WPP in December acquired Berlin Cameron, a New York agency with billings of $265 million. Co-founded in 1997 by Andy Berlin and Ewen Cameron, the 80-person shop is known both for its work-advertising, brand strategy and planning-as well as for the colorful, controversial Mr. Berlin.
"Andy," said an ex-employee, "is not for everyone." Jeff Goodby, co-chairman of Omnicom Group's Goodby, Silverstein & Partners, San Francisco, a shop Mr. Berlin helped start, said: "Andy has an incredible amount of energy. It will be interesting to see it unleashed on that wide a scale."
If Red Cell finally succeeds, it would be a personal victory for Mr. Sorrell. Red Cell evolved out of Conquest, a European network he set up in 1982 to handle Fiat Group's Alfa Romeo business. A year ago, he combined Conquest with WPP shops in Asia and the U.S.-Batey Ads, Singapore, and Cole & Weber, Seattle-to form Red Cell.
Discounting Berlin Cameron's billings, the network's billings were about $1 billion, but it lost several accounts in its first year and won little new business. Now that CEO Luca Lindner is defecting to Bcom3 Group's D'Arcy Masius Benton & Bowles as CEO of Europe Middle East and Africa, concerns rose that Red Cell's biggest client, Alfa Romeo, would follow him to D'Arcy, another Fiat agency.
Lee Daley, Red Cell's co-CEO and chief strategy officer, dismissed speculation, saying the car marketer "is content with Red Cell" and that its Turin, Italy office, which handles the account, will get more investment. A Fiat spokesman declined comment.
Red Cell's strategy is to serve clients that have global brands but don't need a network with offices everywhere. But competition for that space is intense. Publicis Groupe's Fallon Worldwide is opening in Singapore, Hong Kong and Sao Paulo, Brazil, in 2002 as part of an expansion strategy begun in 1999 with the opening of a hot creative shop in London. Havas Advertising's Arnold Worldwide Partners has moved into Europe via its 2000 integration with Havas' second European network, Campus, and an agency in Sao Paulo. Two others are Wieden & Kennedy, Portland, Ore., and Bcom3-backed Bartle Bogle Hegarty, London.
WPP's purchase of Berlin Cameron for an unannounced price positions the agency as Red Cell's U.S. beachhead, an attractive incentive for both Mr. Berlin, 51, and Mr. Cameron, 37, to seal the deal.
Both men assume leadership responsibilities: Mr. Cameron oversees the agency's U.S. operations, excluding Cole & Weber. Mr. Berlin is Red Cell's co-CEO and chief creative officer. He shares network leadership with 38-year-old Mr. Daley.
Mr. Daley, an 11-year veteran of Interpublic Group of Cos., spent four years at Amster Yard, an offshoot of McCann-Erickson Worldwide. Most recently, he was exec VP-chief strategy officer for Europe, Middle East and Africa at McCann, working with such clients as Nestle, Interbrew and General Motors Europe. "Lee is a strategist," said Jeff Weiss, Amster Yard founder , who worked with Mr. Daley in the mid- 1990s. "But he is as creative as any creative person I've ever known in my life."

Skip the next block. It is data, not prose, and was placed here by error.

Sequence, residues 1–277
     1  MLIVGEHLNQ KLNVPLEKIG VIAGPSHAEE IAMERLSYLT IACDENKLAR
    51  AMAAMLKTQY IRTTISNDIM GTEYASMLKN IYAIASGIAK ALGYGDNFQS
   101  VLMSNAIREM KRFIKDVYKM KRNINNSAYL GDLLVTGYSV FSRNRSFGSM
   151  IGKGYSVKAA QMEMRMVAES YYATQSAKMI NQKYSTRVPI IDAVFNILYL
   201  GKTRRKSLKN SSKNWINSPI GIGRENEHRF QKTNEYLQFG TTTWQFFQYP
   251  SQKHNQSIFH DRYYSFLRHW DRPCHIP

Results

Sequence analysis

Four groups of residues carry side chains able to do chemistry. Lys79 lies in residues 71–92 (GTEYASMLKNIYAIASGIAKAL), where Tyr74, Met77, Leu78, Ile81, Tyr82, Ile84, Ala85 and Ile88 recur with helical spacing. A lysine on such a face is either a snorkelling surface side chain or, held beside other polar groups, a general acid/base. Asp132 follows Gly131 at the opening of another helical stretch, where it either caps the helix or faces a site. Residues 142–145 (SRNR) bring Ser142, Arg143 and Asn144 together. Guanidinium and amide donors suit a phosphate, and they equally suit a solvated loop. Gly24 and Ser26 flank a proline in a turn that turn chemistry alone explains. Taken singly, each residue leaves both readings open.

In concept, Red Cell has its admirers. "Many big international clients no longer need agencies with local offices in every country," said Michael Farmer, a former management consultant at Bain & Co., who's worked with WPP's Ogilvy & Mather and Grey Global Group's Grey Worldwide. "Many have centralized all brand decision-making in one locale. What [marketers need] is people who understand a culture and develop global campaigns."
In addition to its existing locations, the network plans to expand, via acquisitions or hiring key executives, into key locales such as London.
The test for management, notes Abe Jones, managing director of AdMedia Partners, is to create a clear identity for Red Cell. "It's got to be a network, not a collection of offices."
The biggest hole is London, where Red Cell has virtually dismantled its lackluster office in order to buy or build a more creative shop. Red Cell was already rebuffed by several U.K. shops, according to one London-based executive. Red Cell is said to be particularly interested in hot agency, Mother, but Robert Saville, one of its founders, said, "It's not going to happen. We're not selling to anyone. We've had no discussions [with WPP]." One regret expressed by the departing Mr. Lindner is his work to establish a London office was not finished. "We cannot afford to not be in London," Mr. Daley said.
Even with good office locales and talent, creating a working culture among a far-flung network of agencies is a big challenge. A top priority, Mr. Cameron said, is to get employees energized with new-business wins. "Five or six clients in the New York agency have potential to help us grow internationally," he said, like Coca-Cola and Nestle Purina PetCare Co. Berlin Cameron also handles Advertising Age's account.
While Mr. Cameron concentrates on coaxing more business from current clients, the co-CEOs are stopping at all Red Cell shops to introduce themselves, discuss their plans, and learn about each office's work and clients. "A common culture is about standards. They've got to be high enough, and truly shared," Mr. Berlin said. "Know us by the company we keep."
contributing: alice z. cuneo
Company: Red Cell, London
Parent: WPP Group
Co-CEOs: Andy Berlin, chief creative officer; Lee Daley, chief strategy officer
Key clients: Fiat's Alfa Romeo, Ermenegildo Zegna, Coca-Cola Co., Reebok International
Billings: $1.26 billion